Break Stuff

Album: Significant Other (1999)
Charted: 123
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  • "Break Stuff" is a provocative thought experiment examining our primitive impulses in the context of Malthusian theory.

    Just kidding. It's about breaking stuff.

    Limp Bizkit was predicated on rage, giving the middle finger (often literally) to anyone and anything that tried to bring them down. This song is a clear expression of that rage, with lead singer Fred Durst explaining his coping mechanism for dealing with a bad day.
  • This was the last single from Limp Bizkit's breakthrough album, Significant Other. They made their impact in the summer of 1999 with the first single, "Nookie," and kept the momentum going for over a year. "Break Stuff" was big in the summer of 2000, a few months before their next album appeared: Chocolate Starfish and the Hot Dog Flavored Water. By the time nu metal died down, Limp Bizkit had sold over 15 million albums just in America.
  • By this time, Limp Bizkit were huge on MTV, which toed the line between teen pop, hip-hop, and testosterone-laced rap-metal. The "Break Stuff" video, directed by Fred Durst, was big on the network, which favored videos with lots of famous people. In "Break Stuff," you'll see Snoop Dogg, Dr. Dre, Eminem, Jonathan Davis of Korn, Derek Jeter, Pauly Shore, Roger Daltrey, Lily Aldridge and Aaron Lewis of Staind.
  • This won the MTV Video Music Award for Best Rock Video, beating out "Sleep Now In The Fire" by Rage Against the Machine. In protest, Rage bass player Tim Commerford came on stage and climbed the set, drawing attention away from Limp Bizkit's win.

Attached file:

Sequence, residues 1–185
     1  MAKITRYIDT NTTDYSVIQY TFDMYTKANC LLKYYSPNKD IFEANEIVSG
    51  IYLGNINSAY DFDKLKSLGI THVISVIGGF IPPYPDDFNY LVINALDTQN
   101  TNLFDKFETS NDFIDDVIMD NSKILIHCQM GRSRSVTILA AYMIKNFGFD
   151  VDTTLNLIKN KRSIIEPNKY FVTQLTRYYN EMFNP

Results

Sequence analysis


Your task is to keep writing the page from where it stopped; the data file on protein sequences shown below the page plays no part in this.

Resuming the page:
• Deep into their set at Woodstock '99, Limp Bizkit played "Break Stuff," and the crowd obliged, tearing apart anything they could find (mostly plywood from barriers that they turned into surfboards). This was the evening of day 3 of the 4-day festival, which was held in stifling heat on an abandoned Air Force base. By the time Limp Bizkit took the stage, the crowd - mostly guys in their 20s - were worked up over the poor conditions and had turned aggressive. The extensive property damage and increasing lawlessness did not stop the show: Rage Against the Machine and Metallica followed, and the next day the festival continued. By the time Red Hot Chili Peppers took the stage, the crowd was burning the stuff they broke the night before. They fanned the flames by doing a cover of the Jimi Hendrix song "Fire."

Comments: 1

  • Luna Loud from Royal Woods, MichiganNothing too deep, but a good song to rage out to when you're pissed.
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